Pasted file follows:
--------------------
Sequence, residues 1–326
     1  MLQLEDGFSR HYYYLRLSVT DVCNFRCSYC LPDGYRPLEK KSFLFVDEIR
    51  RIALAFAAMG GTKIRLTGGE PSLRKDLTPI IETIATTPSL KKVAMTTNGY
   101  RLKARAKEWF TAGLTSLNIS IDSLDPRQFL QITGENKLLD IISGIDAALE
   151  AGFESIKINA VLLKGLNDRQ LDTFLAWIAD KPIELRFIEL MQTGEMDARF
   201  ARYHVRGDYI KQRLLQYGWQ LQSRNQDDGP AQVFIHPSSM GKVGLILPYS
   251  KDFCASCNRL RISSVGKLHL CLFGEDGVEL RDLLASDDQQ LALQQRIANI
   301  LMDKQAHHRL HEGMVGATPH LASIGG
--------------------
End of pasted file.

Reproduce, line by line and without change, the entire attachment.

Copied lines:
Sequence, residues 1–326
     1  MLQLEDGFSR HYYYLRLSVT DVCNFRCSYC LPDGYRPLEK KSFLFVDEIR
    51  RIALAFAAMG GTKIRLTGGE PSLRKDLTPI IETIATTPSL KKVAMTTNGY
   101  RLKARAKEWF TAGLTSLNIS IDSLDPRQFL QITGENKLLD IISGIDAALE
   151  AGFESIKINA VLLKGLNDRQ LDTFLAWIAD KPIELRFIEL MQTGEMDARF
   201  ARYHVRGDYI KQRLLQYGWQ LQSRNQDDGP AQVFIHPSSM GKVGLILPYS
   251  KDFCASCNRL RISSVGKLHL CLFGEDGVEL RDLLASDDQQ LALQQRIANI
   301  LMDKQAHHRL HEGMVGATPH LASIGG